Hello, readers! This article talks about Custom Resource Definition in Kubernetes with a detailed demonstration.
So, let us begin!! 🙂
What is a Custom Resource in Kubernetes?
Kubernetes offers us the concept of resources that actually happens to be the endpoint of the Kubernetes API. It enables us to store the information about an API object of a specific type in Kubernetes. For example, the resource replicaset stores information about the collection of replica sets in Kubernetes.
On similar lines, a custom resource in Kubernetes is a way of defining customized resources for the installation of the software pieces. It is like an extension to the default resource. Thus we can customize a particular type of Kubernetes resource to an extent with the custom resources.
Once the Kubernetes administrator installs the custom resource, we can make use of kubectl to install the resources within it like any other usual resource such as pods, deployments, etc.
Advangates of a Custom Resource in Kubernetes
- When we wish to make use of Kubernetes Client libraries or CLI for the creation or patching of a resource, this is when we should make use of a custom resource.
- It provides top-notch support from Kubernetes through the kubectl command-line tool.
- A custom resource is a good choice if we plan to build a new API.
- Using a Custom resource makes our created API a declarative one.
- The resources created under the custom resource type can restrict by a cluster or namespace scope.
- We can reuse Kubernetes API support features with Custom resources.
- We can customize the application by integrating custom resource with the basic language.
Using CustomResourceDefinition in Kubernetes
With CustomResourceDefinition API, we can easily use and define a custom resource. The API handles the storage of any custom resource altogether.
When we define a CustomResourceDefinition object, it will create a custom resource according to the details of the schema.
Benefits of using a CustomResourceDefinition:
- They are handled directly by an API server.
- We won’t need to handle multiple versions of the API.
- Any other generic bug is picked up and fixed as a part of master upgrade.
- With the enabled features, it performs arbitrary checks while performing any operation.
- It has strong integration with horizontal pod auto scaling and pod disruption budgets as well.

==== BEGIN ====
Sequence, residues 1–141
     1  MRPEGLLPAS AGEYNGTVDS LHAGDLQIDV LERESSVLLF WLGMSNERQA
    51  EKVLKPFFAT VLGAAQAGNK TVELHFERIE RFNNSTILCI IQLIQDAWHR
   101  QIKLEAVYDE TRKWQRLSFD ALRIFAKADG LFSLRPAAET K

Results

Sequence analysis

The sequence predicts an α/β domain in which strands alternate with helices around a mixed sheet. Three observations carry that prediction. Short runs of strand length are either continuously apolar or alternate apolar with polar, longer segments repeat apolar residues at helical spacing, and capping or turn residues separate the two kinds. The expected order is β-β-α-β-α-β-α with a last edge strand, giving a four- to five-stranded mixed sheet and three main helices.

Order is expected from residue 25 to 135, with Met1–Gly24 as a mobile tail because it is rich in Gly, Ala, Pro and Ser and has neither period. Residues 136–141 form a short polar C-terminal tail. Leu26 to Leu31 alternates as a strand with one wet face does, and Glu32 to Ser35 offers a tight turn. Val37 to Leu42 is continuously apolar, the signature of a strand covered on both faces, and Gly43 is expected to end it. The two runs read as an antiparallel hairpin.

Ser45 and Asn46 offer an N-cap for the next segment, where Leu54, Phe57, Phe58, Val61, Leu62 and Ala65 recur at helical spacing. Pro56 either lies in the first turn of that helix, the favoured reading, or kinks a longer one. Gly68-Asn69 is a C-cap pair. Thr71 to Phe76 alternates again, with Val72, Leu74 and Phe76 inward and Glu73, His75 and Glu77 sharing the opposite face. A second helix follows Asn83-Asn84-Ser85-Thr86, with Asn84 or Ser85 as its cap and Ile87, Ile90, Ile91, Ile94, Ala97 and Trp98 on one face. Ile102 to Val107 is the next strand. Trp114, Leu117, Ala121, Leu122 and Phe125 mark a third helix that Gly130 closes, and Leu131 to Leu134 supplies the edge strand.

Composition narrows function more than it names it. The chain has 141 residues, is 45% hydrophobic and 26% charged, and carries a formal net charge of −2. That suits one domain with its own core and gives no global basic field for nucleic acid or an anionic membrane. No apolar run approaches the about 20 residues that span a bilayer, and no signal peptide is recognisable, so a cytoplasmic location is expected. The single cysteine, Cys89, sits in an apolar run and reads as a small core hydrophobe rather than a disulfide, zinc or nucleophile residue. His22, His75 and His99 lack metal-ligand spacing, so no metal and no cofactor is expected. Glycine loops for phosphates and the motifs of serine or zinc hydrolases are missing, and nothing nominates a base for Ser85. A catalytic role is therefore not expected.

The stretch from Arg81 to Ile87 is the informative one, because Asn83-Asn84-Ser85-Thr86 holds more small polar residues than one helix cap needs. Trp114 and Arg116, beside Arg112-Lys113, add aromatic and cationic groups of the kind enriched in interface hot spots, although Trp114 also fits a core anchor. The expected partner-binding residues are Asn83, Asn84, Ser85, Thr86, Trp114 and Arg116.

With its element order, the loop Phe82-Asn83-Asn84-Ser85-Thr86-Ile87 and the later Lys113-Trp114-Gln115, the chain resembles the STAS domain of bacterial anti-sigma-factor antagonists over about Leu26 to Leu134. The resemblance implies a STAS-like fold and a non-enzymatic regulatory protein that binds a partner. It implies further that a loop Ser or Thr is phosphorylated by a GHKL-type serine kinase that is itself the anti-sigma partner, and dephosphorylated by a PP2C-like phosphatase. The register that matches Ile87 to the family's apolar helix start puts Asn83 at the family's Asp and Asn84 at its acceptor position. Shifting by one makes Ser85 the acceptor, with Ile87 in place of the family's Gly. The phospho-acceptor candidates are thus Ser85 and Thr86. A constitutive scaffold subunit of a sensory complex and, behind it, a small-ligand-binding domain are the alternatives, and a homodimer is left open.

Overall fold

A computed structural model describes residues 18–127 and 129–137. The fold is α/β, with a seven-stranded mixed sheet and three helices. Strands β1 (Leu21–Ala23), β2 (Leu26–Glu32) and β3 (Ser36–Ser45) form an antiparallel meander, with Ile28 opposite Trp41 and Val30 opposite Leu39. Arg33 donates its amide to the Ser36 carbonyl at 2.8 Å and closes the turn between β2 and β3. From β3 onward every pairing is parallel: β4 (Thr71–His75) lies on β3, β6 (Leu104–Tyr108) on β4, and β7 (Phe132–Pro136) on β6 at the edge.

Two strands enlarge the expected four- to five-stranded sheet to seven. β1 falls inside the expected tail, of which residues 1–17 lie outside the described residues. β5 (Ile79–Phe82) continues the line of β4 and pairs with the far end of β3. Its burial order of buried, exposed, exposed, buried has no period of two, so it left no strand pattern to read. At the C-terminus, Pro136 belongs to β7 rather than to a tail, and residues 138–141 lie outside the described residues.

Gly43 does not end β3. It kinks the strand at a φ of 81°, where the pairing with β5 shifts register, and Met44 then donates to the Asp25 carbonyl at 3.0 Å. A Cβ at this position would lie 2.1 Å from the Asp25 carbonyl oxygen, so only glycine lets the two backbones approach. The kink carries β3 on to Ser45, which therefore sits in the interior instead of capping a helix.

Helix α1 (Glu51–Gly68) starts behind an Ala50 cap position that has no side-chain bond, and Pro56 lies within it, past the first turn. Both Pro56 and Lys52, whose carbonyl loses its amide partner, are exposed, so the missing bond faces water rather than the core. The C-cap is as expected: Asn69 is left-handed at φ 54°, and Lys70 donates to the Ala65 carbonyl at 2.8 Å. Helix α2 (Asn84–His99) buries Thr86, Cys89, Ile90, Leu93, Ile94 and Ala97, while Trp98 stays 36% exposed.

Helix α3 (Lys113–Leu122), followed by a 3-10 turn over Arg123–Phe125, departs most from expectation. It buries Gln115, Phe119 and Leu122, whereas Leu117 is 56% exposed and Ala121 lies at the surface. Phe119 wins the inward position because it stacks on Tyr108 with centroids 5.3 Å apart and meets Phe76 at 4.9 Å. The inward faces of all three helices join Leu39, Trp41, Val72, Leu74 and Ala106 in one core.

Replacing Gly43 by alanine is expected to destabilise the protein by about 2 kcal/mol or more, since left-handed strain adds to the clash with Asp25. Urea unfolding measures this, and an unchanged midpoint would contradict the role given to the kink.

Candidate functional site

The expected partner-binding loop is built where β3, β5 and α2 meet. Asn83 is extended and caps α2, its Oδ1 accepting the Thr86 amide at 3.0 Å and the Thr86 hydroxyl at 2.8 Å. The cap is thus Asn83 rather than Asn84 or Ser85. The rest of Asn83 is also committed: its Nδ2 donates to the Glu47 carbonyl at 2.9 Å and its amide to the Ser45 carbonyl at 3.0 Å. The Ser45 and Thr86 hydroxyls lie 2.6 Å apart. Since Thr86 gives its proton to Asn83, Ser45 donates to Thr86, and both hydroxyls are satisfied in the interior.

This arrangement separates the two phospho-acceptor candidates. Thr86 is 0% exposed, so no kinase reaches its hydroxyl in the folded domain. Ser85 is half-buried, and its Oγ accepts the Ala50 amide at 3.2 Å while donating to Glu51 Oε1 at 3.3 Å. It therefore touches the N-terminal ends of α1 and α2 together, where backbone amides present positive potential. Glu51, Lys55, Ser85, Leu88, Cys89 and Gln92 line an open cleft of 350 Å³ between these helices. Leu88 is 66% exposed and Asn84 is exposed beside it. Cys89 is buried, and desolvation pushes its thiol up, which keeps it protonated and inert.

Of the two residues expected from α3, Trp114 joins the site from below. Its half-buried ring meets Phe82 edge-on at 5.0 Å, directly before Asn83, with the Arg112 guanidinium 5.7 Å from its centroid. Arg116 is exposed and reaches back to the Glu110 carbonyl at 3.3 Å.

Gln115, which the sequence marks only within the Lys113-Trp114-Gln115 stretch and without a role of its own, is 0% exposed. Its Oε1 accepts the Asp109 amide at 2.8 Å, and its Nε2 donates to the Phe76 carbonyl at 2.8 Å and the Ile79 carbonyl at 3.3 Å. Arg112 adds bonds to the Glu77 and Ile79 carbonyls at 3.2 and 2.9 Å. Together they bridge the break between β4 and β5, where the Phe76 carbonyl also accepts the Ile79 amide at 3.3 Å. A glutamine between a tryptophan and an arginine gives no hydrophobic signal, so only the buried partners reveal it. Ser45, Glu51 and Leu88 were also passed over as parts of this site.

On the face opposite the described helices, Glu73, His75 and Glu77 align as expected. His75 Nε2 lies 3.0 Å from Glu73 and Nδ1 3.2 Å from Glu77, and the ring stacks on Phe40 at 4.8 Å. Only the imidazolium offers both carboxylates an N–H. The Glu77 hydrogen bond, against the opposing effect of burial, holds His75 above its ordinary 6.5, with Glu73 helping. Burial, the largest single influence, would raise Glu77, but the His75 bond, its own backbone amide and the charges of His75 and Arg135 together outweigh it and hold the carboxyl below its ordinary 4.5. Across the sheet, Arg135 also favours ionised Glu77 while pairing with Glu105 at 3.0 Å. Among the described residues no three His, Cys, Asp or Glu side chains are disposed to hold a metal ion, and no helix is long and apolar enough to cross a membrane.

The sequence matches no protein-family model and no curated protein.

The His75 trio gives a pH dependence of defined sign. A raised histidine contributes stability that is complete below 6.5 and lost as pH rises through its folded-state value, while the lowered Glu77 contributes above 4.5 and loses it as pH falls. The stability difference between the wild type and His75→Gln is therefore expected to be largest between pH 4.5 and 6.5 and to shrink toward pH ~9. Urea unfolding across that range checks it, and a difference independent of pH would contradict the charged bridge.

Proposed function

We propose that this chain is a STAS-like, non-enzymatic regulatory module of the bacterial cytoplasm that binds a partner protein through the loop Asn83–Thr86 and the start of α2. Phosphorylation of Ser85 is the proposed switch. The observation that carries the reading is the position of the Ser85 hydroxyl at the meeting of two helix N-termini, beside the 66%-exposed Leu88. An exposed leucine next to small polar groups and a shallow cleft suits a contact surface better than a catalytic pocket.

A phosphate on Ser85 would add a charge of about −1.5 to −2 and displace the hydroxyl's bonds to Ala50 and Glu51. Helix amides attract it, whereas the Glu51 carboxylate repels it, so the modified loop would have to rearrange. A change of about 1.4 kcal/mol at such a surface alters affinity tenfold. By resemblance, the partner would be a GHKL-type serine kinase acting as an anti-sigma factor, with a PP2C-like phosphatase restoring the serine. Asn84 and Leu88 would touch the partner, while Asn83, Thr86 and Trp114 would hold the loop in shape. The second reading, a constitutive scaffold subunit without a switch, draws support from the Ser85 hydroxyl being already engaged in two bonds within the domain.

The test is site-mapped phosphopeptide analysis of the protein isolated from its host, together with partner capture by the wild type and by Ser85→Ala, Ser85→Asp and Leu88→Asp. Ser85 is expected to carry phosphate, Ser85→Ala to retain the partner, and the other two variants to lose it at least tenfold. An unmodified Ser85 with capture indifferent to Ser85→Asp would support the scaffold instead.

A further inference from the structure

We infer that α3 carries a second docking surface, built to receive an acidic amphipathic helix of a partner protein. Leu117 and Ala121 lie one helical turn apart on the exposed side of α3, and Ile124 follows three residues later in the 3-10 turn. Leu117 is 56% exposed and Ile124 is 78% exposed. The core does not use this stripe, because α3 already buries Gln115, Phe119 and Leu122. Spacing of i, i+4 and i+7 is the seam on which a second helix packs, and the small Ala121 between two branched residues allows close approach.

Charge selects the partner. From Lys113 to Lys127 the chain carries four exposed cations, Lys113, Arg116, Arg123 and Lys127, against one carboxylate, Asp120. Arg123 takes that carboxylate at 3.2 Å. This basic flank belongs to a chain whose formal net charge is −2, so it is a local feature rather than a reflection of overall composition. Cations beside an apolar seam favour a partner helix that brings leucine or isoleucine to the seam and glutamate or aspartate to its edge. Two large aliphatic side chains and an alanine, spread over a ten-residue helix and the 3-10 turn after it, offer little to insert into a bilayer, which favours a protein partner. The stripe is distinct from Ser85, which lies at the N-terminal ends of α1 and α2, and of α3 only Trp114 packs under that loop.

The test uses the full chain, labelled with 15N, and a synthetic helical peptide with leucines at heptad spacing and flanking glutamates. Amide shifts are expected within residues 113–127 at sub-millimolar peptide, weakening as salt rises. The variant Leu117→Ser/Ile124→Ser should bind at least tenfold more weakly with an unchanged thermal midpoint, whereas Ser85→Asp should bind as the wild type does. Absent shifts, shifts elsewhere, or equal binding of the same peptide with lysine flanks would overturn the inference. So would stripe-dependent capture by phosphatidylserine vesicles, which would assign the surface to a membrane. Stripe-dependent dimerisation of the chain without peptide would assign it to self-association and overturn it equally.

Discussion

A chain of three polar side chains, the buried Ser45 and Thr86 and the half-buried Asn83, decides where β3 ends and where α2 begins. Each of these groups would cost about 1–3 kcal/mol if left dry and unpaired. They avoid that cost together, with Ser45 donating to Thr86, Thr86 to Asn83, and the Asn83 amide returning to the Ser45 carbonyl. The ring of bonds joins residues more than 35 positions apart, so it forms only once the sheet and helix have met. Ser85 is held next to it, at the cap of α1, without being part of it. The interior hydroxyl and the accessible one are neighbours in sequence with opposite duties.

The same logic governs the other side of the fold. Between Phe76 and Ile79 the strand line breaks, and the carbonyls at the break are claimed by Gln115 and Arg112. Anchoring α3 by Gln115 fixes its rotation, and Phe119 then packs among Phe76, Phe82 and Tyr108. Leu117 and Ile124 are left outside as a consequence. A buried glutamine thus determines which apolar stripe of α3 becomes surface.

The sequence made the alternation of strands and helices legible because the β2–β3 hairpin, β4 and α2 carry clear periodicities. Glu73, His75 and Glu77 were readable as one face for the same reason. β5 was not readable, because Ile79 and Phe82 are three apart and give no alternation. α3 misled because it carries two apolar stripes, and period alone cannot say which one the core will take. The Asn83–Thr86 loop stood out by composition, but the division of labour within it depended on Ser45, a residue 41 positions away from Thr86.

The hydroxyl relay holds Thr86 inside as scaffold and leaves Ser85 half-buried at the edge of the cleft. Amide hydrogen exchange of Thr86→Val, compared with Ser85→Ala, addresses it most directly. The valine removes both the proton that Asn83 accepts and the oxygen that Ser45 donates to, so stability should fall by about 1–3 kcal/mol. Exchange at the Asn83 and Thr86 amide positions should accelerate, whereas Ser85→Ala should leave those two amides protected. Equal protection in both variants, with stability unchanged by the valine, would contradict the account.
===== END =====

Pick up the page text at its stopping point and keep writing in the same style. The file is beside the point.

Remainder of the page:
Creating a CRD in Kubernetes
Let us now move ahead and create a CustomResourceDefinition for any custom resource.
Have a look at the below YAML.
apiVersion: apiextensions.k8s.io/v1 kind: CustomResourceDefinition metadata: # name must match the spec fields below, and be in the form: <plural>.<group> name: crontabs.stable.example.com spec: # group name to use for REST API: /apis/<group>/<version> group: stable.example.com # list of versions supported by this CustomResourceDefinition versions: - name: v1 # Each version can be enabled/disabled by Served flag. served: true # One and only one version must be marked as the storage version. storage: true schema: openAPIV3Schema: type: object properties: spec: type: object properties: cronSpec: type: string image: type: string replicas: type: integer # either Namespaced or Cluster scope: Namespaced names: # plural name to be used in the URL: /apis/<group>/<version>/<plural> plural: crontabs # singular name to be used as an alias on the CLI and for display singular: crontab # kind is normally the CamelCased singular type. Your resource manifests use this. kind: CronTab # shortNames allow shorter string to match your resource on the CLI shortNames: - ct
In the above YAML, we have specified the kind as CustomResourceDefinition to create objects of kind CronTab. Usually, the CRD is cluster scoped as well as namespaced. In our case, we have restricted the scope to Namespace.
After a few minutes, the CustomResourceDefinition will be enabled and thus it makes us eligible to create resources of kind CronTab.
Moving ahead, we can now create resources of kind CronTab which will abide by the functionality maintained by the CustomResourceDefinition.
By this, we have approached the end of this topic. Feel free to comment below, in case you come across any questions.
For more such posts related to Kubernetes, Stay tuned with us.
Till then, Happy Learning!! 🙂